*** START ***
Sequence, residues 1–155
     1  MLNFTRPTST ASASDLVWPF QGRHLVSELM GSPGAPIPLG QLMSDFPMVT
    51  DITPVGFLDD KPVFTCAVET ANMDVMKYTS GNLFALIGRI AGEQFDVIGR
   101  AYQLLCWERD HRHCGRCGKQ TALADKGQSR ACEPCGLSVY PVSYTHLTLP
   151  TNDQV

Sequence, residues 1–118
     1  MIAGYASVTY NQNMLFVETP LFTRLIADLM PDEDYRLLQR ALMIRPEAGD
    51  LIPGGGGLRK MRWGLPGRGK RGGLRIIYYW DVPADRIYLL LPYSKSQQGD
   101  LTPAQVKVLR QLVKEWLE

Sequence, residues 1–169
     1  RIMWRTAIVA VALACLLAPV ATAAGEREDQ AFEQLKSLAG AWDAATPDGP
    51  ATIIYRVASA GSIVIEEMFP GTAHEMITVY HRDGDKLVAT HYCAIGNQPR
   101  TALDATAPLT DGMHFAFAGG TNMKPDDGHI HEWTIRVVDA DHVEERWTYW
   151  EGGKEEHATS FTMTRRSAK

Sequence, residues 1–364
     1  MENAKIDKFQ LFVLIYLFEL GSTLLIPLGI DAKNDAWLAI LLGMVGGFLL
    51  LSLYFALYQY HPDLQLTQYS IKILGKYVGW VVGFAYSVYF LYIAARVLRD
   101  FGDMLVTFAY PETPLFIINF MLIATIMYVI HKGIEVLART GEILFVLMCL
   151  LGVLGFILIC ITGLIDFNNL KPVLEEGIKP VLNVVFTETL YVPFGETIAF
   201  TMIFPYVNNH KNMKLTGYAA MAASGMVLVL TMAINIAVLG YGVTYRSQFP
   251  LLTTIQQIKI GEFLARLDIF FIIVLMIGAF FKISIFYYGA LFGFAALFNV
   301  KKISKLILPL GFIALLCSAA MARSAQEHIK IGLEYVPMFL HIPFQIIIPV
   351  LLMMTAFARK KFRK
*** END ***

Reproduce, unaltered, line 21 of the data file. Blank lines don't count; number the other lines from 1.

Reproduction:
   251  LLTTIQQIKI GEFLARLDIF FIIVLMIGAF FKISIFYYGA LFGFAALFNV